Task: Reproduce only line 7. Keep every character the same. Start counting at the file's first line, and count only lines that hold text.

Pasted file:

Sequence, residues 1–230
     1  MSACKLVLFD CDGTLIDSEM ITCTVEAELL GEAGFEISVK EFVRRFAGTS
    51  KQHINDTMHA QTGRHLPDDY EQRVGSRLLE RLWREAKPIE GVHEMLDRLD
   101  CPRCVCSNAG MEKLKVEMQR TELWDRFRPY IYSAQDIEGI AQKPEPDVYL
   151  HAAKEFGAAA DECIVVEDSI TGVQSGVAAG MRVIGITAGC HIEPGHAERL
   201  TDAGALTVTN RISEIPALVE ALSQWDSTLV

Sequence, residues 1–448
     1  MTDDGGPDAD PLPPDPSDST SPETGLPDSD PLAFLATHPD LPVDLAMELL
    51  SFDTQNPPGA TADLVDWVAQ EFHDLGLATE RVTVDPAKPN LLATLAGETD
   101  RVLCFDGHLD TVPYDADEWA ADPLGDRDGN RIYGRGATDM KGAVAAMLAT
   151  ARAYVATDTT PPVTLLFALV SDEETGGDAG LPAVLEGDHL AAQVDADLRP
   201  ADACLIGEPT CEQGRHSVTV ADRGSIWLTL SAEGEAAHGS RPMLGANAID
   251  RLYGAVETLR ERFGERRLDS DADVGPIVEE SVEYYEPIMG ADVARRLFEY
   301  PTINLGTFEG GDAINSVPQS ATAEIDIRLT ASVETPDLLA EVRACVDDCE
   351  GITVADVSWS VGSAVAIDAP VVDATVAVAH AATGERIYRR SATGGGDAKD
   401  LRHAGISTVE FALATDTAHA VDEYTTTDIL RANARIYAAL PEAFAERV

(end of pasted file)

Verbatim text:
Sequence, residues 1–448